Starting a new business in Nigeria as a foreigner can be a daunting task, especially if you don’t reside there. However, this doesn’t imply that it’s an insurmountable process. To assist you in your journey, we have compiled a basic legal checklist that we believe will ensure a hassle-free launch of your business in Nigeria.

1. The ideal entity type and requirements.

There are many types of business entities available for those who want to start a business in Nigeria. However, some of these entities may not be suitable for foreigners (individuals and companies) who wish to start their businesses in Nigeria. Moreover, some business activities are specific to certain types of entities.

In Nigeria, a Private Company Limited by Shares is generally the most suitable entity type for foreign-owned businesses. However, there may be specific situations where this type of entity is not the best option for your business goals. It is advisable to seek guidance from a Corporate or Business lawyer or law firm to get advice on the most appropriate entity type for your business.

Foreign companies may be exempt from registering their company if they meet the following criteria:

I. They are invited by any tier of government to work on specific individual projects;

ii. They are executing specific individual loan projects on behalf of a donor country or international organization;

iii. They are foreign government-owned companies that are solely engaged in export promotion activities; or

iv. They are engineering consultants or technical experts engaged in specialist projects with any tier of government.

2. Tax compliance and Reliefs (where applicable).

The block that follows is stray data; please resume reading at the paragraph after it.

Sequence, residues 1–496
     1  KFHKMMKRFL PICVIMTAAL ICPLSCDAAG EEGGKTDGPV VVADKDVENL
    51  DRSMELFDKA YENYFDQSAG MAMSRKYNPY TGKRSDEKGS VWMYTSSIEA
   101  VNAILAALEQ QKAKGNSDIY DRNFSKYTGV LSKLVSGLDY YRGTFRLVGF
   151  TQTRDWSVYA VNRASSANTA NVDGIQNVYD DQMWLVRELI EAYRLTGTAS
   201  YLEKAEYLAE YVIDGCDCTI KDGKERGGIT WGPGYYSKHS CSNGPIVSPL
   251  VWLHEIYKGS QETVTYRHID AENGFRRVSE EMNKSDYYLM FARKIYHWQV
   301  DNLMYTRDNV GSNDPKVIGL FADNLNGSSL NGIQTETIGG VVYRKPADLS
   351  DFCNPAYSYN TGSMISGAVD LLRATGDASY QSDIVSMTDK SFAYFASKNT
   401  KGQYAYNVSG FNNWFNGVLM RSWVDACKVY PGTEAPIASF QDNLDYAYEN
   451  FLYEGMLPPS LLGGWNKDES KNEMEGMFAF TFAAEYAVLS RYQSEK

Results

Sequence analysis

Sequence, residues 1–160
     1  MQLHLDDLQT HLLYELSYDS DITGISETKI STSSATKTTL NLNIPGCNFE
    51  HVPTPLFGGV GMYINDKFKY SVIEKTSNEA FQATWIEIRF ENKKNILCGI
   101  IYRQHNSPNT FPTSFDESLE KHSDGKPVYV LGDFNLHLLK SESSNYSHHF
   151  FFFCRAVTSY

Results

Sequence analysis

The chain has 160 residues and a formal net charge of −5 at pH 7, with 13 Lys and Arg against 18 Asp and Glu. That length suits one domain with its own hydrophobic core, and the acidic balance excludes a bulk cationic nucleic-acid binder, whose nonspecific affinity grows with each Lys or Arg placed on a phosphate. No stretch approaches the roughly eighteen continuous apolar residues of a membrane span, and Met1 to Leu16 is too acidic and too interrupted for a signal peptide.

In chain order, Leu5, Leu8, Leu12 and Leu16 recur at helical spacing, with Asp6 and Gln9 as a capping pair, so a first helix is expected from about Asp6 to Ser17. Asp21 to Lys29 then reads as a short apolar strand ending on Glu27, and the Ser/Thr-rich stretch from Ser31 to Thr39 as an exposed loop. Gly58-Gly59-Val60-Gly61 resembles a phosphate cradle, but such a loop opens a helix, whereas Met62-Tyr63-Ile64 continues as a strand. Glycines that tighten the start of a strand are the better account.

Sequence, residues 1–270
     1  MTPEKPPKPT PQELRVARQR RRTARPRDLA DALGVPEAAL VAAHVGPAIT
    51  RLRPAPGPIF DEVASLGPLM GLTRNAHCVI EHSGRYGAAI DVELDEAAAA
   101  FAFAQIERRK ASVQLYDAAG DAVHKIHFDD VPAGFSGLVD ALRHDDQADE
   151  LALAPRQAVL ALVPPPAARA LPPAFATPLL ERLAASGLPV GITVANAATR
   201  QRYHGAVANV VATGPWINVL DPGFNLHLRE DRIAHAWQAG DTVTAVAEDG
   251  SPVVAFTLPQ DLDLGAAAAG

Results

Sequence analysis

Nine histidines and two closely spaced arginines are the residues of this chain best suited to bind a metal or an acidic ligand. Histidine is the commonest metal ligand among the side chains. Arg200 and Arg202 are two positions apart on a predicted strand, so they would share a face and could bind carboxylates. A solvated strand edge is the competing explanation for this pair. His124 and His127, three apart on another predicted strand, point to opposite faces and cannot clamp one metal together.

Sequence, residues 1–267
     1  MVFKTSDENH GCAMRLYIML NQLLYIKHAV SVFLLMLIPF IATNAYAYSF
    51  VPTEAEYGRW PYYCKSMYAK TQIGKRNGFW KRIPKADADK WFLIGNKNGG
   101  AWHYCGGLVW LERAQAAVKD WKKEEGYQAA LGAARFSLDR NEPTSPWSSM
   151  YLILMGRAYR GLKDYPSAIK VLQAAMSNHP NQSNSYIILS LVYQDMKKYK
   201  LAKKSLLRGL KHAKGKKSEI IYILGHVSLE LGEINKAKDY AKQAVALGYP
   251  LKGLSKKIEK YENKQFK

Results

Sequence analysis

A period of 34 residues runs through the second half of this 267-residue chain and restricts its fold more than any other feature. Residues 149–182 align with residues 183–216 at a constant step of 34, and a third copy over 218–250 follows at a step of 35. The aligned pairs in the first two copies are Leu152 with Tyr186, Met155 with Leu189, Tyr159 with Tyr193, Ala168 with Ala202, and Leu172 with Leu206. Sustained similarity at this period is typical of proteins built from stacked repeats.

Once you have decided on the type of entity that would be ideal for your business, your next consideration should be to identify the tax obligations that come with running a business. All business entities, including foreign-owned ones, are required to obtain a Tax Identification Number and carry out VAT registration for subsequent tax filings.

According to Nigerian tax laws, it is expected that every manufacturer, wholesaler, importer, supplier, and distributor of taxable goods and services, known as taxable persons, register with the relevant tax authorities within six months of commencing their business.

It is considered an offense for an unregistered person to impose VAT on taxable goods and services. Therefore, it is essential to ensure your company is registered and compliant with tax regulations to avoid any legal consequences.

3. Bank account opening.

If you plan to start a business in Nigeria as a foreigner, it’s essential to have a local bank account to receive and withdraw funds. To open a corporate bank account for a foreign-owned company, you need to provide certain documents, including company registration papers, valid identification cards of company members, a SCUML certificate, and the BVN of members. If you intend to run your business remotely from outside Nigeria, you should confirm if you can create a bank account without being physically present in the country while still having control over your account.

4. Registration with the Nigerian Investment Promotion Commission (NIPC)

In Nigeria, all companies owned by foreigners must be registered with the NIPC. Registering with the NIPC provides legal recognition for such foreign-owned businesses and promotes accountability and transparency in business operations. Additionally, a company cannot obtain a business permit without first registering with the NIPC.

5. Obtaining a Business Permit.